To further analyse this, I went ahead and prepared Banishment, which uses a charisma saving throw, on the same character—and the spell save DC on the tooltip used the caster's charisma.

So that's the mystery solved, right? The spell save DC on the tooltip is lying to you, but the game will still correctly show your percentage chance of success, right? Enter this Turbulent-Quality-29 who, quite rightly, has noticed that the % chance to hit of Tasha's Hideous Laughter is inaccurate, displaying a 56% chance of connecting.

I proceeded to then tear my non-existent hair out for the next few minutes trying to reproduce this, but I think I've found out what's happening.

Always check for advantage

Baldur's Gate 3

(Image credit: Larian Studios)

In the example given, their opponent's rolling with a +6 against a DC of 22. This should require a 16 or higher on the die to beat, resulting in a success rate of 75%.

I think what's happening here is that the good warlock Turbulent-Quality-29 has missed that their target has advantage, which means they're rolling two 20-sided dice and picking the higher one. Mathematically, this shakes out to a +5 modifier on the roll for statistical reasons I am in no way qualified to explain, so here's a different thread that lays it out on the D&D subreddit.

They cannot be blamed for this, because I was similarly confused when I had Gale point a dex-save based spell against our party's barbarian during testing, saw an incorrect number, and realised that Barbarians get advantage on dexterity saves as per their Danger Sense feat.

Anyway, this would give their target the equivalent of +11 on the roll to beat a DC of 22, which shakes out to a 45-46%ish chance of their target saving or, as the mouse-over would display, a 55-56% chance of landing the spell.

In case that made your head hurt (I'm wondering where my painkillers are) here's the gist: As long as you don't care about tooltips, you're fine. The mouse-over number is still correct, and everything is being rolled properly in the combat log. Still, judging by this thread from about six months ago, this is a bug that's persisted for a while.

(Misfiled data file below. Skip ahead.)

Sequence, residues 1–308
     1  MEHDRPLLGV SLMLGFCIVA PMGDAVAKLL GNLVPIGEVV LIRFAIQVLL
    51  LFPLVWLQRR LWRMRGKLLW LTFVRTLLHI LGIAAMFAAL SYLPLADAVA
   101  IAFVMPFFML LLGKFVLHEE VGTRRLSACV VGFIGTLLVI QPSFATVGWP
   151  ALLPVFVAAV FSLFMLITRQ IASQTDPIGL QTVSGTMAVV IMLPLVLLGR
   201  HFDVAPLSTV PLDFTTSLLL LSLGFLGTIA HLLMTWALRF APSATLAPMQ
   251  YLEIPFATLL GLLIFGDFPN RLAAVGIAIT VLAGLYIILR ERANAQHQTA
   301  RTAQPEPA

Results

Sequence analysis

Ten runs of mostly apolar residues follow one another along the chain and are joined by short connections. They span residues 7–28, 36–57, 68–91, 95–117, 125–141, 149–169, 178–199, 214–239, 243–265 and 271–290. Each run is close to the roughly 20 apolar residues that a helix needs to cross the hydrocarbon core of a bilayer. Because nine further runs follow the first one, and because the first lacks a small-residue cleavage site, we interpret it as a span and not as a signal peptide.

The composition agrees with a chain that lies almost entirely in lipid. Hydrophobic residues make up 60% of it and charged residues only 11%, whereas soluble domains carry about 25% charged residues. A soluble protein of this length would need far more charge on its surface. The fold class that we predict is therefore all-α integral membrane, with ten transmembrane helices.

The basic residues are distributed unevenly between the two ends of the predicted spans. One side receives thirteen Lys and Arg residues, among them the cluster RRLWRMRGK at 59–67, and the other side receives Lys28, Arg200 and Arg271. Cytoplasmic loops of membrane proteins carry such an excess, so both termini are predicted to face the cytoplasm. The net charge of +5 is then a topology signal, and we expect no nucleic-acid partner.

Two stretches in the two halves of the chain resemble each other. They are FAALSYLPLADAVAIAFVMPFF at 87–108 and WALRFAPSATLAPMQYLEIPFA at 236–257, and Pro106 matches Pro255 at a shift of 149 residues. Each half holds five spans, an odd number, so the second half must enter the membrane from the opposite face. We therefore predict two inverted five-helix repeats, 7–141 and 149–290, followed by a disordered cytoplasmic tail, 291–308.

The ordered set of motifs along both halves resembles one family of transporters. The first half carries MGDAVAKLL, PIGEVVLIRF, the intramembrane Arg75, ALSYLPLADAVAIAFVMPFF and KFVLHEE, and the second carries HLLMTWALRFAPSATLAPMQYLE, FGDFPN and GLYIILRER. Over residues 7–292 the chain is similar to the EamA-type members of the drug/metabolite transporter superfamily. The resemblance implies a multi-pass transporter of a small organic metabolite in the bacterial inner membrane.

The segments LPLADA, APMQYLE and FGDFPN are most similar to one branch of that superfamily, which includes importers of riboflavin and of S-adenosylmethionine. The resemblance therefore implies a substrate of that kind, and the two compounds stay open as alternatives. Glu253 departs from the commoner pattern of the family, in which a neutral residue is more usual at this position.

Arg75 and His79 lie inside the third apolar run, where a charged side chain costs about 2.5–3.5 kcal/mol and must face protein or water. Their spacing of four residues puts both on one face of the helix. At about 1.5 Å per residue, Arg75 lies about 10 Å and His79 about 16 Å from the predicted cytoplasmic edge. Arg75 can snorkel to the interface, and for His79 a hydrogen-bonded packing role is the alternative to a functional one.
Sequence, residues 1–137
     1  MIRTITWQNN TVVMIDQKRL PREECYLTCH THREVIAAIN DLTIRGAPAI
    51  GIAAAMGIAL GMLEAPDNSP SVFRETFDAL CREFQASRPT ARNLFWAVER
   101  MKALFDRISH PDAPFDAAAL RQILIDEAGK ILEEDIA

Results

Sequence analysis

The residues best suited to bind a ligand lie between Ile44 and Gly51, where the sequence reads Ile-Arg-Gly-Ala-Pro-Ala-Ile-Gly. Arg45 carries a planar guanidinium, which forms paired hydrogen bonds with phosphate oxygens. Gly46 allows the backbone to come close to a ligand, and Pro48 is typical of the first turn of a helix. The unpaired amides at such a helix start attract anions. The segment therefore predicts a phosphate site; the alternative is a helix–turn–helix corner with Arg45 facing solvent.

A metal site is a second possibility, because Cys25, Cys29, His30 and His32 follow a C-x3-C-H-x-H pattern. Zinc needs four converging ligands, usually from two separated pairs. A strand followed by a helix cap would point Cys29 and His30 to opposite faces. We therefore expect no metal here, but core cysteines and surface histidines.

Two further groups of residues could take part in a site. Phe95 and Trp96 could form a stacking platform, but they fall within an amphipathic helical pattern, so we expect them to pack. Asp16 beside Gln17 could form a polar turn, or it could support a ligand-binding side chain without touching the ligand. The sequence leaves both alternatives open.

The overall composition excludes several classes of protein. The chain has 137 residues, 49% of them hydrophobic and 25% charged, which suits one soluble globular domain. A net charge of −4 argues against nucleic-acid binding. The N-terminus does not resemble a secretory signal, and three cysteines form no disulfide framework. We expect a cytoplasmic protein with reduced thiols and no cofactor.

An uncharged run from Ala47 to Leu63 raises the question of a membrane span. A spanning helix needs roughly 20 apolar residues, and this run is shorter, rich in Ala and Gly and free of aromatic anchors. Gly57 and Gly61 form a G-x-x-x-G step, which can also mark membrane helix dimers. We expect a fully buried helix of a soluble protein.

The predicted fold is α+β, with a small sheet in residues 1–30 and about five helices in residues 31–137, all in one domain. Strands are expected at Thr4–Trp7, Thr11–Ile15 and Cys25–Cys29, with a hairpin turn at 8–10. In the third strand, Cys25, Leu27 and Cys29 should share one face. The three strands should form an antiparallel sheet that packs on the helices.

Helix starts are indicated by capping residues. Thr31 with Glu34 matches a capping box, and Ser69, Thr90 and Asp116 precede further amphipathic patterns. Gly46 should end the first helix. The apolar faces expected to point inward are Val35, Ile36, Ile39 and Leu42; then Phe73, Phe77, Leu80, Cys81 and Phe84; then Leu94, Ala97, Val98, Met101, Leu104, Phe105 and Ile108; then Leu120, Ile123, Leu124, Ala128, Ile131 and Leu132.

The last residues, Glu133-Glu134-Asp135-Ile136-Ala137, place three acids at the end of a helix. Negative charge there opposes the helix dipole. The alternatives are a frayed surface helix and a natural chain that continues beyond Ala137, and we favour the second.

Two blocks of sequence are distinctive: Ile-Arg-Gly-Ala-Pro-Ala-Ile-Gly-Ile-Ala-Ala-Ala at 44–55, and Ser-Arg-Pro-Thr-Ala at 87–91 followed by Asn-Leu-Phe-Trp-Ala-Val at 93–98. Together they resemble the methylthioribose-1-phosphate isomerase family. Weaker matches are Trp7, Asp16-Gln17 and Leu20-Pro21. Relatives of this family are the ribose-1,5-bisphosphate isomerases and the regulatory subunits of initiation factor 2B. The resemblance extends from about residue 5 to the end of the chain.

Despite the fact I've got plenty of glowing words to say about Baldur's Gate 3, this is a major fumble from a UI standpoint and it's kind of baffling it's been kicking around for this long. It's never impacted me because I'm very familiar with the D&D 5e ruleset, but any new player trying to suss out why their Sacred Flame isn't landing might be led completely astray, and given an entirely incorrect understanding of how spells in the system work. Hopefully, Patch 7 will address this issue before more are led down this accursed path.

Harvey Randall
Staff Writer

Harvey's history with games started when he first begged his parents for a World of Warcraft subscription aged 12, though he's since been cursed with Final Fantasy 14-brain and a huge crush on G'raha Tia. He made his start as a freelancer, writing for websites like Techradar, The Escapist, Dicebreaker, The Gamer, Into the Spine—and of course, PC Gamer. He'll sink his teeth into anything that looks interesting, though he has a soft spot for RPGs, soulslikes, roguelikes, deckbuilders, MMOs, and weird indie titles. He also plays a shelf load of TTRPGs in his offline time. Don't ask him what his favourite system is, he has too many.